How to Find Work-From-Home Proofreading Jobs
Remote work is appealing for many reasons, such as flexible working hours, improved work–life balance, and reduced commuting costs. As a freelance proofreader, you can take your work wherever you are, whether that’s to your backyard or across the world. But how do you find work-from-home proofreading jobs? They’re out there – you just have to know where to look. Keep reading to learn how to get started finding remote proofreading jobs to fit your busy lifestyle.
1. Update Your Resume
Updating your CV or resume ensures that you’re ready for any opportunity that comes your way. If you’re looking at a work-from-home proofreading job, tailor your resume to suit that specific job posting. When describing your employment history, emphasize your relevant experience instead of your itemized job responsibilities. This can include discussing related courses, computer skills, volunteer projects, and professional development. Use action words to describe what you’ve accomplished and be as specific – and truthful – as possible.
2. Check Out Freelance Marketplaces
If you’re new to freelancing, online marketplaces can be a valuable source of work-from-home proofreading jobs. Sites like Upwork and Fiverr allow you to create a profile, post your portfolio, and connect with businesses and independent clients looking to hire. One benefit of these marketplaces is that you decide your rates. Also, many sites manage payment collection for you.
3. Building an Online Presence
Self-promotion is a big part of having a successful career as a freelance proofreader. Promote your services by creating an active social media profile, a personalized business website that includes positive reviews from previous clients, and an industry-related blog (which can help you stand out in search engines).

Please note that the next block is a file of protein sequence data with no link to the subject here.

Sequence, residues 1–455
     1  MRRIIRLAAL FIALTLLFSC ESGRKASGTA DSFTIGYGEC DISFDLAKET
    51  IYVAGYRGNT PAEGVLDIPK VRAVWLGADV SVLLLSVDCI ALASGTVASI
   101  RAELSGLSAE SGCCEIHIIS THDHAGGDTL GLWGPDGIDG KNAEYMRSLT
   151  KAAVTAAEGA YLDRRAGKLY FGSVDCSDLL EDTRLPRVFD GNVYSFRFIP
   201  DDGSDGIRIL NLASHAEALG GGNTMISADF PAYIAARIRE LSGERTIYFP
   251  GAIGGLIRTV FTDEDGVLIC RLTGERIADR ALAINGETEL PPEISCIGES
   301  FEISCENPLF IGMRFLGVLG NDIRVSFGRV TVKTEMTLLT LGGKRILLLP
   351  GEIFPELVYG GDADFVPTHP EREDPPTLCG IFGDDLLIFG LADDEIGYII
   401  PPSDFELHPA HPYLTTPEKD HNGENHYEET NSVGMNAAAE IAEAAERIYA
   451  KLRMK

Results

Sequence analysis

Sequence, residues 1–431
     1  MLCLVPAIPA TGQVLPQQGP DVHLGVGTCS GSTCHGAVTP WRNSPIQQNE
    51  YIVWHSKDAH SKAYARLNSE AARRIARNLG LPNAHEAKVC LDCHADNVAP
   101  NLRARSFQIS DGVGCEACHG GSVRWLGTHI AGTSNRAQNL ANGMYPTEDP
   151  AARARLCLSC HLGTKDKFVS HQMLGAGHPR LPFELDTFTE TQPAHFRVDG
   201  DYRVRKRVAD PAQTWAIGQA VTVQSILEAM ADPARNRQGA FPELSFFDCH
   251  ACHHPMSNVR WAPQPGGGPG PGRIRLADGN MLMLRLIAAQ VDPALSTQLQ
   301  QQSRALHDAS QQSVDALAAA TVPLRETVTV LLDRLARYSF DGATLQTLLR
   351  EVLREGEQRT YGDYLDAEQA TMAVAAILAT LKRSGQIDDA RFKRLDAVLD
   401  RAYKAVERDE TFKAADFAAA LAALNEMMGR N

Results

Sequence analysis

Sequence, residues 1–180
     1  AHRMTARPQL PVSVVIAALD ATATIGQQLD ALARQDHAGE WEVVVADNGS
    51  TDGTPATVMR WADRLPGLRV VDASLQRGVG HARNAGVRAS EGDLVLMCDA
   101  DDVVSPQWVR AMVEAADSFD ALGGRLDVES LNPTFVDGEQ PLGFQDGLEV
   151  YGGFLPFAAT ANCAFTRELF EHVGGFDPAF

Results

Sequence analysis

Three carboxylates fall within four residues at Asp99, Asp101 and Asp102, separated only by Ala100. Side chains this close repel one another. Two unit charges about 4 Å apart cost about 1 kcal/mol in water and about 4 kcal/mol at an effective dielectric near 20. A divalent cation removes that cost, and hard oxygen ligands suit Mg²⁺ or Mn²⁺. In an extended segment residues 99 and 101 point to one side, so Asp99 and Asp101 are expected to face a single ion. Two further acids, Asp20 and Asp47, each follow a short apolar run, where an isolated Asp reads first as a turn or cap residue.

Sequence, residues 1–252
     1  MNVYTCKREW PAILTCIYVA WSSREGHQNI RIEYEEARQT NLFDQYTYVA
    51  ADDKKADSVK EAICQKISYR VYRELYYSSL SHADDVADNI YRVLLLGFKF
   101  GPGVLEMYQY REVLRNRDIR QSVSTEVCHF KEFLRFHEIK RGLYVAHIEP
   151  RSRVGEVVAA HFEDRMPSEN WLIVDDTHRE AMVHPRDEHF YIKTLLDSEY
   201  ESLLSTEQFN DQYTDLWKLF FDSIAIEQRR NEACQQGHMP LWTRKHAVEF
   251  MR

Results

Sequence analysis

4. Join Proofreading and Editing Groups
As you’re searching for job opportunities, consider joining a professional proofreading and editing group, such as ACES or EFA, that allows you to promote your services. If you’re not interested in pursuing membership in a society, there are informal groups you can join on social media or LinkedIn that provide support for new proofreaders.
5. Cold Emails
While the thought of reaching out to businesses can be a little intimidating, cold emailing potential clients can be a great way to network and gain experience. Find out who is responsible for hiring within a company and send a speculative email introducing yourself and detailing your services. You can even contact publishers directly – some have a list of trusted freelance proofreaders that they refer to regularly. Remember – you have nothing to lose by asking!
Becoming a Proofreader
Are you interested in freelance work? Consider taking the Knowadays Becoming A Proofreader course, which gives you all the skills you need to launch your business and pursue an interesting and flexible career as a proofreader. And if you pass both the Becoming A Proofreader and Becoming An Editor courses with a distinction score of 80% or above, you’re guaranteed work with our partner company, Proofed – saving you the hassle of sourcing your own clients. Sign up for a free trial and get started today!